Wednesday 30 September 2020
Friday 18 September 2020
If someone asks you, there is this word that either excites your senses or scares the life out of you. It has become such a prevalent verb used a lot by government officials, bosses and techies. It has the connotation that one must have a creative mind. Or there must be much resources at your disposal before an idea becomes feasible. Or it's somewhat binary where you do well or simply cannot do. There's really no in between, either you succeed or fail. The word is "Innovate".
In a recent conversation, I came away with a new perspective on how to view this. When you are given a task to innovate, often the approach is to create something new, like ditching a regular phone and in its place, make a smart phone. This is product innovation and probably most commonly heard. An "upgraded" version of innovate is to take the smart phone and find ways to produce it cheaper or add new functions to increase its appeal. This is known as process innovation. Yet another way is to improve the smart phone's sales probability by providing better marketing channels, technical support and delivery time. This is service innovation. The first two types deal with internal stakeholders while the last deals with the external.
Which of the above is the most difficult type of innovation? I think it's product innovation. I also have a feeling that most people correlate innovation with product creation. From a petrol driven vehicle to a fully electric one, this innovation leap is usually onerous and time consuming. That's what a person immediately feels upon hearing that dreaded word. He is defeated before work has even begun. I see much of this in my workplace. Hopefully, I would be able to share this new thinking with more people next time and reduce the stigma of what it means to innovate.
Tip: Masumi Sanka Junmai Daiginjo
Friday 11 September 2020
The most exciting industry to be in now is probably technology related. Within it, the domain of cryptocurrency is the most intriguing. It's been 12 years since the first creation of Bitcoin and my guess is the majority of the world is still rather clueless about this technology and its potential advancement.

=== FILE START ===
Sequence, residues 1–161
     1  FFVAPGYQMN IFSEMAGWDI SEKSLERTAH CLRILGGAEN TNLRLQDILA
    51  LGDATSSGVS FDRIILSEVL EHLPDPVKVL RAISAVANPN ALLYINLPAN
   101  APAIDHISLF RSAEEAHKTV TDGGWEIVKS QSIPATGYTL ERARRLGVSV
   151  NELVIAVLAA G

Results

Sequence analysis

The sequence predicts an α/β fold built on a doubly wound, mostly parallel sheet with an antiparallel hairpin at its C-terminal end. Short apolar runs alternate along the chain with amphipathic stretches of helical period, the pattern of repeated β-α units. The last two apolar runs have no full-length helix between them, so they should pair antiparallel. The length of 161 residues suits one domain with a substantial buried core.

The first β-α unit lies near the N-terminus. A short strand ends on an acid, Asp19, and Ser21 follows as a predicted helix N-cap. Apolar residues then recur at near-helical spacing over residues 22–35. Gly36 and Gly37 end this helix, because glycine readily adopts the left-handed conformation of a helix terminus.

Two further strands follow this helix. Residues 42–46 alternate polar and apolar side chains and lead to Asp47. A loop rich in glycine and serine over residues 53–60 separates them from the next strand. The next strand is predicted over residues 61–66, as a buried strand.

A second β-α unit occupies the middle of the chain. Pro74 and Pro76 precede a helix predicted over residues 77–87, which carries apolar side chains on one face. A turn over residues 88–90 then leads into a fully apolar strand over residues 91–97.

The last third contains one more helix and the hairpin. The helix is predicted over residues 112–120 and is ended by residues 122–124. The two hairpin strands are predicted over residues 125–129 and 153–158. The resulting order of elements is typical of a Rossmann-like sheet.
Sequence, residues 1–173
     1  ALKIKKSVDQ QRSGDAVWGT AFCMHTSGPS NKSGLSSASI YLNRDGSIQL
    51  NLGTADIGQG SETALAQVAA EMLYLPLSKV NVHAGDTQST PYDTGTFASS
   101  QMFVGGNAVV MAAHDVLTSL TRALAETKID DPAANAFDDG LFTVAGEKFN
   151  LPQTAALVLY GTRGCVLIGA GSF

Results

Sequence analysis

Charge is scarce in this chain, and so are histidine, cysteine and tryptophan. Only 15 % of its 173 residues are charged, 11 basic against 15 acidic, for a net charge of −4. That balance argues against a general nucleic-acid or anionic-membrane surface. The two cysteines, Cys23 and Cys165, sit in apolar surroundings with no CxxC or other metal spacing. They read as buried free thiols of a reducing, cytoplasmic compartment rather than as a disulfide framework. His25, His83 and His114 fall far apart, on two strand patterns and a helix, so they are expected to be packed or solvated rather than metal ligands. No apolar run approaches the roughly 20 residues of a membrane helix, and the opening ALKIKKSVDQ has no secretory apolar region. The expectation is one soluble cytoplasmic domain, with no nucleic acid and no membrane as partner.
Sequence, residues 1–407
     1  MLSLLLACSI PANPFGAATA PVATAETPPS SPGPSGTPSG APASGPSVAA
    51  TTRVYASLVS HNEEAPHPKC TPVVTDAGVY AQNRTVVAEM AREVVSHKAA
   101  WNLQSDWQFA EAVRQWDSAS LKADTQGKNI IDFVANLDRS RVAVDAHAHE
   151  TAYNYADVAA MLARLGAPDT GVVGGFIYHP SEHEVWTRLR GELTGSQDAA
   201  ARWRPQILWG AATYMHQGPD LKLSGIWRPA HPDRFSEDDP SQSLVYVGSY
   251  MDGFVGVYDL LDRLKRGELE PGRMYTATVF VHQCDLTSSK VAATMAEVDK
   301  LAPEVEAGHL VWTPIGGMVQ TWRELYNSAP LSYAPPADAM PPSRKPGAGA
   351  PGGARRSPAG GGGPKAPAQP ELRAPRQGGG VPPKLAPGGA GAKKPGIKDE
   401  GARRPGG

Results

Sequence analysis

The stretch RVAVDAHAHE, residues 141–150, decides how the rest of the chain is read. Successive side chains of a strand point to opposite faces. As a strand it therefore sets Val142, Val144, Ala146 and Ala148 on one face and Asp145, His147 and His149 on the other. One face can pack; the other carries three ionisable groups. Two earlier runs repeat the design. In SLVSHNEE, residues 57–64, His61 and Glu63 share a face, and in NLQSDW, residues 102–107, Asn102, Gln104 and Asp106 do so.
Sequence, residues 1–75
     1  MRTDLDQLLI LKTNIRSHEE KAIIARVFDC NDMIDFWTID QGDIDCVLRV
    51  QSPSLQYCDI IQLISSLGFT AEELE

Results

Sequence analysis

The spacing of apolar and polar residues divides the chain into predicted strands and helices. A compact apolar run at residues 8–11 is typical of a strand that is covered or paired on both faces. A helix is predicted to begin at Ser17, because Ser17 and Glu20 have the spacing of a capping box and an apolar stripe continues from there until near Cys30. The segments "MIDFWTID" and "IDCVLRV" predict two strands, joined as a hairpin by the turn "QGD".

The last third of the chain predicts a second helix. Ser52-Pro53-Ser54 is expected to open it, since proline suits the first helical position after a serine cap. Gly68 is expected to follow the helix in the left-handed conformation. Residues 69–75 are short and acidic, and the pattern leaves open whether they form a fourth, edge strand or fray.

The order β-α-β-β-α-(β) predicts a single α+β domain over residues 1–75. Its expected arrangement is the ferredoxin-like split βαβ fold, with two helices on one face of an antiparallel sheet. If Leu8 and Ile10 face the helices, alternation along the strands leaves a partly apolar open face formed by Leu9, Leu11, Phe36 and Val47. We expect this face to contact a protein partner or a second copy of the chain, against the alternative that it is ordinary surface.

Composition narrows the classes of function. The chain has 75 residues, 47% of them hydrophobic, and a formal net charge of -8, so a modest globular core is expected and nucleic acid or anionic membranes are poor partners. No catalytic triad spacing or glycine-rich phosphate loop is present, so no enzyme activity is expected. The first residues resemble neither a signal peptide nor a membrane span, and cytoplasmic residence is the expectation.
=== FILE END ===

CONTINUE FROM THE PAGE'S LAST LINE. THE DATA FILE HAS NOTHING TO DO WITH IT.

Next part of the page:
The Covid situation has taught the world some useful lessons. Medical demands were well beyond planned capacities, people couldn't get out of the house and business supply chains were severely disrupted. The simple message is, "We live in an imperfect world." And this is where I believe blockchain could help resolve some of the issues. Even as the infection numbers continue to rise, researchers are racing against time and desperation grows. Among these, disinformation is a great problem. Whatever numbers we hear in news are controlled. Be it death tolls, vaccine trial successes, job losses, funds expended to sustain businesses etc. I think faith in the government systems and trust in leaders are at a deficit. It's got to do with this huge unknown that the virus brought.
But life must go on and through every disaster, humans ultimately find a way to get up. In this instance, blockchain has a role to play. What it potentially brings to the table are borderless transactions, cashless payments, verifiable information, lower fees and much more. All these seek to improve transaction efficiency, bridge information gap and bring trust back to people to the world we live in. A cryptocurrency is just a product out of this brand new ecosystem. During this evolution, pain would be felt by those who continue to resist as they are forced into a new life/work environment. That's what a single virus could do.
Tip: Ippin Junmai Daiginjo
Tuesday 8 September 2020
Tuesday 1 September 2020